After the PR Party with Michelle ObamaBy
Only two months ago it seemed there might be a united front in the war on fat. In March, First Lady Michelle Obama challenged food and beverage companies to "entirely rethink" products high in salt, sugar, and fat as part of her campaign against childhood obesity. The companies eagerly jumped on her bandwagon. Kraft Foods (KFT) vowed to make deeper cuts in salt content. Coca-Cola (KO) and other drink purveyors trumpeted their decision to put calorie information on the front of containers. PepsiCo (PEP) said it would stop selling full-sugar drinks in schools globally by 2012.
Now the Food & Drug Administration is making it clear that the displays of goodwill won't be enough and that the agency will consider stiffer regulations to get what it wants. The beverage and food companies, eager to bask in the publicity surrounding Obama's initiative, see that they are being asked to commit to labeling and other changes that may prove far costlier than they anticipated. "This is not altruism; they are in the crosshairs, and they're going to stay in the crosshairs," says David A. Kessler, who led the FDA in the 1990s and is the author of The End of Overeating.
A late April meeting between Administration officials and food manufacturers turned rancorous over proposed next steps, according to an attendee. A big sticking point at the meeting was the FDA's consideration of "red-light, green-light" labeling on package fronts, or possibly a five-star ranking system, to help consumers quickly determine whether a product is healthy or not. The agency wants companies to voluntarily agree to front-of-package standards by the fall and has "not ruled out regulatory approaches" to force compliance, says Michael R. Taylor, the FDA's commissioner for foods. Says Scott Faber, the Grocery Manufacturers Assn.'s vice-president for federal affairs: "The FDA and the food industry are in alignment on the goals for a front-of-pack food labeling initiative, and we are working together to conduct and learn from consumer research."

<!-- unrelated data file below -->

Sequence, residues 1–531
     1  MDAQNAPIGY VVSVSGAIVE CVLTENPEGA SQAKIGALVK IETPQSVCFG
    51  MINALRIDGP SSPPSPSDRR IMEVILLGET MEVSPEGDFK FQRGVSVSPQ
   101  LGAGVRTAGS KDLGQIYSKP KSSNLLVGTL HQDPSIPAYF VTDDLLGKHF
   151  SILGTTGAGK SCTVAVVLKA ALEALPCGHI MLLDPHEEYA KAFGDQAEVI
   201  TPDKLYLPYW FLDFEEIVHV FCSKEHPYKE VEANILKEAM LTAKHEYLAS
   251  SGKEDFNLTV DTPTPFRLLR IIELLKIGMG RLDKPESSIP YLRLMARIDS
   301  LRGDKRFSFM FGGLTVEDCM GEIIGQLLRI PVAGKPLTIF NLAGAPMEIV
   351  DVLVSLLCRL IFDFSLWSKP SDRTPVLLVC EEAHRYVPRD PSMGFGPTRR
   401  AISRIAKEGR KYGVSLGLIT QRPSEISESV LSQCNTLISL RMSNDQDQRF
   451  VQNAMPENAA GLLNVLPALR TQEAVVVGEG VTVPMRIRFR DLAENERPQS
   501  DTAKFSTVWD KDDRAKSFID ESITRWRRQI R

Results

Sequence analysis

When the First Lady, at a Mar. 16 meeting in Washington, first urged the Grocery Manufacturers Assn. "to move faster and to go farther" to help end childhood obesity within a generation, Kraft said it would extend a previous move to reduce salt in its tortillas and wraps to bacon and other products. General Mills (GIS), the maker of Lucky Charms cereal and Progresso soup, in April pledged to cut sodium by 20 percent in several products by 2015. The American Beverage Assn. is now running television and print ads touting the drink industry's commitment to lower by 88 percent beverage calories in schools.
Yet critics say the initial gestures were just that—and neither as generous nor as voluntary as they seemed. The beverage group's ads, food-marketing expert Phil Lempert says, may leave the mistaken impression that the companies acted on their own to remove full-calorie soda from schools. "It's not the soda companies that have done it, it's the school systems," says Lempert, an author and frequent commentator on food-industry trends. The new health-care law requires companies to list calories on package fronts, says Margo G. Wootan, nutrition policy director for the left-leaning Center for Science in the Public Interest.
When it comes to the industry's reliance on marketing top sellers such as Mountain Dew and Lay's potato chips to children, their "hands are tied," says Marion Nestle, a professor of nutrition at New York University. "They make products that they sell to kids, and if they're not going to sell them to kids then they're not going to make money," she says.
Consumer activists say "follow the money" to see the food industry's true intent, pointing to the $17 billion acquisition by the Northfield (Ill.) company in March of British candy maker Cadbury. (CBY) In the last five years, as Kraft talked about its emphasis on healthier foods, the company also spent nearly $28 billion on acquisitions—all of it to buy cookie and candy companies. Says Susan Davison, a spokeswoman for Kraft: "We've long been a leader in this area and continue to take our consumers' interests on health and wellness topics quite seriously."
A real campaign to end childhood obesity will entail nothing less than "a complete social transformation as to how the American family eats," Ezekiel J. Emanuel, a special adviser on health policy to the White House, said at a Bloomberg-sponsored forum in Chicago on Apr. 27. That may be more than the industry can swallow.
The bottom line: The food and beverage industries may balk if the First Lady asks them to take stronger action as part of her anti-obesity campaign.